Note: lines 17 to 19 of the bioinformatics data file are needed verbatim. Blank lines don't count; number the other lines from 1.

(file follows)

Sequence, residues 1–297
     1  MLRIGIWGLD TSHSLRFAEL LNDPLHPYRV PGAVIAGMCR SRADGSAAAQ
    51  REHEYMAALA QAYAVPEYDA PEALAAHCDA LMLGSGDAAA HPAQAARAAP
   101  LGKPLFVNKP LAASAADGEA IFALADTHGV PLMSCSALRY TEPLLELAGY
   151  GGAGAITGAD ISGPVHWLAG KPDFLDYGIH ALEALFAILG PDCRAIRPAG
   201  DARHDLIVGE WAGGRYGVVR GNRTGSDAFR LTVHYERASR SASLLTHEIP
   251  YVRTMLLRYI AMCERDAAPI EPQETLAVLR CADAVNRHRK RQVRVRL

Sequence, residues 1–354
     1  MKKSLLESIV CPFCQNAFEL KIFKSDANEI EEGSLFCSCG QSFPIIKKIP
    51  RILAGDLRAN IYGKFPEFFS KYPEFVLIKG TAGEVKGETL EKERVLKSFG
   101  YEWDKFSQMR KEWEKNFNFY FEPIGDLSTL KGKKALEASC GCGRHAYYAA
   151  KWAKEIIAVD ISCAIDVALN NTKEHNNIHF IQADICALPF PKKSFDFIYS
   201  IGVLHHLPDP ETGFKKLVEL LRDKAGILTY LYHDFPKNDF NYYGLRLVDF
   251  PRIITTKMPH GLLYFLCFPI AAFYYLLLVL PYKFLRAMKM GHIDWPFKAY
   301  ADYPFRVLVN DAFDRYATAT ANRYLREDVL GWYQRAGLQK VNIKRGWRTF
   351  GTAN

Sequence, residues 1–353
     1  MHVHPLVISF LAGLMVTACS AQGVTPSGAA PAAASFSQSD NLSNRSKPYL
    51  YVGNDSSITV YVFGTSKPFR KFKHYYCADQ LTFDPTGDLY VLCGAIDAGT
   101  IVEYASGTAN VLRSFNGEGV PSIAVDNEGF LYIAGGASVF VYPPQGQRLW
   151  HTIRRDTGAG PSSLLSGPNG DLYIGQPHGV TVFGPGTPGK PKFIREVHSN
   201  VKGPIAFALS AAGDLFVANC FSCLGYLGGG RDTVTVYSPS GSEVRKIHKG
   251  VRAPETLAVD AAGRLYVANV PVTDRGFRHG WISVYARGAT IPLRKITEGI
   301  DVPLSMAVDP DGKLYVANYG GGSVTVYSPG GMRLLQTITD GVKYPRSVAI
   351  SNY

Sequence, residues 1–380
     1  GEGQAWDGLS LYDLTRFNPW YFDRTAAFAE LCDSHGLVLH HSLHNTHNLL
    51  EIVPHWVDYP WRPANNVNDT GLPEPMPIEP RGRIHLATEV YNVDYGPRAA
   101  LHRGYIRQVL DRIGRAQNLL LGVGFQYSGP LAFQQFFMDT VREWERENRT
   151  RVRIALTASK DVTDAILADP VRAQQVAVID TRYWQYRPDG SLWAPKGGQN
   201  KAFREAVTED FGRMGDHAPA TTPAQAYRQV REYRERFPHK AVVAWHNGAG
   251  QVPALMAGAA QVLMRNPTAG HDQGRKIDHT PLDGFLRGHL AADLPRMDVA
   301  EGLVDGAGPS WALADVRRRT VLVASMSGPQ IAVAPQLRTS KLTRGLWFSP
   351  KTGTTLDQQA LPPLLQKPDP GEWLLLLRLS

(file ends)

Sequence, residues 1–353
     1  MHVHPLVISF LAGLMVTACS AQGVTPSGAA PAAASFSQSD NLSNRSKPYL
    51  YVGNDSSITV YVFGTSKPFR KFKHYYCADQ LTFDPTGDLY VLCGAIDAGT